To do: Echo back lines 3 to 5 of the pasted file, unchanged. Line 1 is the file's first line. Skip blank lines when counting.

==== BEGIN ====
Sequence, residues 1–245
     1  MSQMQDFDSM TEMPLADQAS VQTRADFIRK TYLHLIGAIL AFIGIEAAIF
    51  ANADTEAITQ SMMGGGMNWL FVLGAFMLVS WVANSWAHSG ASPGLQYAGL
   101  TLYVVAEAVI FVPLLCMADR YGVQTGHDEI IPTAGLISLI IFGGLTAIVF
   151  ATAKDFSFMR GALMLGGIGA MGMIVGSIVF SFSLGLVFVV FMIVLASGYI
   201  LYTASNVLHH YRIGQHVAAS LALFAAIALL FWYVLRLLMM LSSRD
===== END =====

    51  ANADTEAITQ SMMGGGMNWL FVLGAFMLVS WVANSWAHSG ASPGLQYAGL
   101  TLYVVAEAVI FVPLLCMADR YGVQTGHDEI IPTAGLISLI IFGGLTAIVF
   151  ATAKDFSFMR GALMLGGIGA MGMIVGSIVF SFSLGLVFVV FMIVLASGYI